Simcha Bunim Zilberberg — As told to Mrs. Chaya Feigy Grossman

Can you tell me where you were born?

My name is Simcha Bunim (Sylvain) Zilberberg. I am an only child, born in Paris, France, at the end of 1938; just at the outbreak of World War II.

What memories can you share with us about your family?

My parents were born in Poland; my father in the city of Kalashine and my mother in the small town of Sadonova. My father was 21 years old, nine years younger than my mother. He was a tailor by trade.

In 1937 my parents left Poland for Paris. My mother left behind her parents and five siblings who all perished in the war. My father had a brother living in Paris who hid with his family in Morocco.

How was your family affected by the outbreak of the war?

My father was arrested by the French Gestapo and sent to an internment camp called Pithiviers. From there he was shipped to Auschwitz where he was murdered.

My mother, wanting to save me, hid me with a Catholic family connected to the Church. My mother joined the partisans. She was part of the underground and came to visit me a few times.

Living as a Catholic wasn’t so simple. I spent time with two families; one of them tried to brainwash me that my mother was evil. They convinced me to hide when she would come to visit. But when my mother would arrive I came running to her, crying. My mother saw what was happening and she had me transferred to another family.

I was one year old at the time. I was baptized and raised as a true Catholic. I learned to do many chores in the church, like ringing the church bell. I knew that I was a Jew by nationality but I had no idea that there was a Jewish religion.

How did you return to Yiddishkeit?

After the war my mother got very sick. Before she passed away she remembered that she had an irreligious uncle in Pittsburgh by the name of Tapola (related to the Alexander Rebbe, Chechnova Rebbe and the Sadovna Rav, Harav Sekula). She wrote a letter to him letting him know that she was very ill and that she has a son who had been hidden by the Church in Paris. My mother passed away in 1945, right after the war. She was buried in a Jewish partisan cemetery.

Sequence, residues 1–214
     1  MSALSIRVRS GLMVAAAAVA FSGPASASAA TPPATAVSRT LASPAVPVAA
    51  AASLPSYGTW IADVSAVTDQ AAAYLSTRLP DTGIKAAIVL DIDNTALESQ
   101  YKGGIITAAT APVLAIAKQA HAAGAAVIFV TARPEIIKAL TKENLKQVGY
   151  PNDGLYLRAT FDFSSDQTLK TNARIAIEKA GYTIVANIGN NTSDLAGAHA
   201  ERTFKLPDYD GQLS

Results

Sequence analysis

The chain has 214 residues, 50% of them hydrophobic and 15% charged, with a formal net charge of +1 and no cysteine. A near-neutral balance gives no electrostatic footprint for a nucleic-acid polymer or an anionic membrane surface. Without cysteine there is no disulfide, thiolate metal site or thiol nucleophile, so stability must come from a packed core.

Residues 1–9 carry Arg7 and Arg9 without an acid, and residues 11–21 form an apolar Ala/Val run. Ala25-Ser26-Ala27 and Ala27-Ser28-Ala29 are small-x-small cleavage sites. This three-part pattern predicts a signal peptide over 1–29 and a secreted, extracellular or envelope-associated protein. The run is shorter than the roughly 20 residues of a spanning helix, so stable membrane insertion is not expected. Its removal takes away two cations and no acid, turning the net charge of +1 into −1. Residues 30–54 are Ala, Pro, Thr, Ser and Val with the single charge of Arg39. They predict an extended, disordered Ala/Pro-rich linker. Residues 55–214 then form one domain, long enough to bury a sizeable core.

The rest of my mother’s extended family was chassidish. They were in hiding during the war in Soviet Asia. They wound up in a D.P. camp in Paris run by the Vaad Hatzolah, the Agudah and the Joint. When they came to Paris they wrote a letter to this same uncle in Pittsburgh letting him know that they had arrived in Paris. He immediately sent back a letter informing them of my whereabouts along with some money to cover any expenses of having me released. There was a conflict, since my father had a brother living in Paris who was anti-religious; he did not want me to practice Judaism. After much fighting and many arguments, they were able to persuade him to allow me to stay with my religious family.

I was placed in a yeshivah in France. I loved the learning, and loved being there. One time, my uncle came to the yeshivah during Minchah time. He saw me and tried to get me to leave the yeshivah. I begged him, but he was not convinced. A month later he returned, accompanied by police. When I heard that my uncle had arrived I hid underneath the Rosh Yeshivah’s bed. He did not give up. He had the police come down to search for me but they were not successful. The next day I contacted my cousins, who picked me up. They hid me in Paris for three weeks while they negotiated with my uncle. Ultimately I was allowed to stay with them provided that I attend a secular school simultaneously.

I lived with them until 1949. A gentleman by the name of Mr. Steven Klein, the owner of Barton’s candy, supported about 5,000 orphans. He adopted me and paid for me to travel to America.

When I arrived on the shores of the United States, I was taken to Boro Park, where I was shuffled between my cousins. I never really had a home.

I ended up in a Lubavitcher yeshivah.

Had my mother not sent that letter to Pittsburgh, who knows where I would be today.

What message can you impart to today’s generation?

The reason that I am telling my story is so that the children should know what happened. A big nekamah to Hitler and the Nazis is the fact that I raised a beautiful family who are all shomrei Torah u’mitzvos.


 

These survivors’ memoirs are being compiled by Project Witness.